Blog For Theocracy

Holy Week is always a time for anti-Christian antagonists to come to the forefront. As the Church celebrates the Resurrected Lord – especially in a year like this when East and West, through the quirks of their differing calendar calculations, unite on the same date – those who oppose Him are stirred into action.

Thanks to my principal combox Nancy Pelosi supporter, I came across “Blog Against Theocracy” – one of those we’ll-all-blog-about-the-same-thing efforts. This one is specifically scheduled for yesterday, today, and tomorrow – the holiest time in the Christian year. I love it.

Their stated aim:

No religious discrimination.
PRO End-of-Life Care (no more Terri Schiavo travesties)
Reproductive health decisions made by individuals, not religious “majorities”
Democracy not Theocracy
Academic Integrity (like, a rock is as old as it is, not as old as the Bible says)
Sound Science (good bye so-called “intelligent” design)
Respect for ALL families (based on love, not sexual orientation. Hellooooo.)
And finally,
The right to worship, OR NOT.

Or in plain language: pro-euthanasia, pro-abortion, pro-Darwinian presuppositional philosophy of science, pro-pansexualism, pro-atheism.

The silly thing is that “Democracy not Theocracy”. After all, we already have the former and you can’t escape the latter. Theocracy – the rule by God – it here to stay. It was here in the beginning (regardless of how long ago that was) and it will be here until the end (regardless of how long from now that will be). And that, my friend, is what really pisses them off. It always has. As the Psalmist noted:

Why do the nations rage,
And the people plot a vain thing?
The kings of the earth set themselves,
And the rulers take counsel together,
Against the LORD and against His Anointed,
“Let us break Their bonds in pieces
And cast away Their cords from us.”

He who sits in the heavens shall laugh;
The Lord shall hold them in derision.
Then He shall speak to them in His wrath,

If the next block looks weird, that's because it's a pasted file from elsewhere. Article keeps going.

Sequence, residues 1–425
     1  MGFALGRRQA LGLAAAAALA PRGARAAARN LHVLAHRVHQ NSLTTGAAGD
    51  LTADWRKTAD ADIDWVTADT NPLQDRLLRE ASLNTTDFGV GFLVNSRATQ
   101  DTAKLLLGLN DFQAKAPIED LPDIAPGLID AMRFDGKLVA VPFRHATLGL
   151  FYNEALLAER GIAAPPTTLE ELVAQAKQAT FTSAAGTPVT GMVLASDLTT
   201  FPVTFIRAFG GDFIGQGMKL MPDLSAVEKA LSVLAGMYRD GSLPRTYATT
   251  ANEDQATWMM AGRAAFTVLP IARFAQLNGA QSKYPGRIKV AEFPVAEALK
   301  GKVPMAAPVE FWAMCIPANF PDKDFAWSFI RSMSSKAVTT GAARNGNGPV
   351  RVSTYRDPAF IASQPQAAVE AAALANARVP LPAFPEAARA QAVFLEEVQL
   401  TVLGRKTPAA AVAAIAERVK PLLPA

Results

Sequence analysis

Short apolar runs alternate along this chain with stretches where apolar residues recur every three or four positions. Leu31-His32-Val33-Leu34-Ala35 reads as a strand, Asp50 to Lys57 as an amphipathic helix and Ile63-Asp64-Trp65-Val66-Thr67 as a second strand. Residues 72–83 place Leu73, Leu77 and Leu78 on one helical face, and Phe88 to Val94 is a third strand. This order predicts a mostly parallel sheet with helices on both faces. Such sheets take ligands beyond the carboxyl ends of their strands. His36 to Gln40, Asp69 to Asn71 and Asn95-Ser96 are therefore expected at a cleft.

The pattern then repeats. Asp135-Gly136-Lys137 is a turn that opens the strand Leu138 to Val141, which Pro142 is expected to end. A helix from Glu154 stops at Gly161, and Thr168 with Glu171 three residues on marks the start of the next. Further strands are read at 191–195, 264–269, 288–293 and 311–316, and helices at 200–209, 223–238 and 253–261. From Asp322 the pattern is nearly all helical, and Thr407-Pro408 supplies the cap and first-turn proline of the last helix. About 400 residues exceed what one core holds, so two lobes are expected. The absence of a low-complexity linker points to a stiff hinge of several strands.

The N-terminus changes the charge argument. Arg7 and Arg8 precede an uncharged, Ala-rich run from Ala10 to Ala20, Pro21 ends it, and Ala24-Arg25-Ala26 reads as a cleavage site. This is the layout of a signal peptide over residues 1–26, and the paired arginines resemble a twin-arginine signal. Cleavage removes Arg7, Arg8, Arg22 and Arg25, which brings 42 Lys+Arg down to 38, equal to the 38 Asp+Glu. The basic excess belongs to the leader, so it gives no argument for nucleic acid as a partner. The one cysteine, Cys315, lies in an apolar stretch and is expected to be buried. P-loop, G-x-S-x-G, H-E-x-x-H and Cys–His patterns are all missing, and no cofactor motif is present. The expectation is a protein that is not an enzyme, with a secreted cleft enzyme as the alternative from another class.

And distress them in His deep displeasure:
“Yet I have set My King
On My holy hill of Zion.”

On Holy Saturday anti-Christian bloggers may gloat like those who thought they had done away the Man who went around talking about the Kingdom of God. Every time I read a blog post that claims to triumph over Christianity, I just think about the stone rolled in front of the Tomb. They may follow the advice of Pilate, “Make it as secure as you know how.” They may try to seal it as best they can.

You know what? Christians don’t have to all get together and blog in favour of the power and sovereign authority of a mighty God. On Sunday, two billion of us will be proclaiming it, just as we have done throughout the ages.

Blog Against Theocracy may rail against Christians having a say in the marketplace of democracy equal to their numbers, but they are fighting the mere shadow of Theocracy. After all, Jesus said, “The kingdom of God does not come with observation; nor will they say, ‘See here!’ or ‘See there!’ For indeed, the kingdom of God is within you.”

The Blog Against Theocracy crowd are not in favour of democracy. They lie. They are undemocratic about their promotion of Darwinism. A poll conducted by CBS (hardly a bastion of conservative Christianity) in 2004 showed that 65% of all Americans and 56% of those voting for John Kerry wanted creationism taught in schools.

Those who support Blog Against Theocracy can’t afford democracy. They are killing themselves off. They promote murdering the old and infirm. They promote murdering the unborn. They promote non-reproductive sexual couplings. In the population game, they lose.

There is only one Winner. “The kingdoms of this world have become the kingdoms of our Lord and of His Christ, and He shall reign forever and ever!”


10 Responses to Blog For Theocracy

  1. Ed Darrell says:

    Last time we tried theocracy over here it was Baptists who were hanged for practicing adult baptism, in Massachusetts, and jailed just for not being the state religion in Virginia. You can be for theocracy all you want, but you have no guarantee that the theocrats will be of your sect.

    I don’t like to gamble with my civil liberties or my faith.

  2. Dave says:

    Ed, Ed, Ed,

    Once again you’ve missed the point entirely. Theocracy isn’t an option. Just like democracy is not rule by democrats, but rather rule by the demos, theocracy isn’t rule by theists, it’s rule by the Theos. It has nothing to do with your civil liberties.

    You’re just opposed to democracy when the majority of the demos wants to incorporate their faith in the Theos into every aspect of life.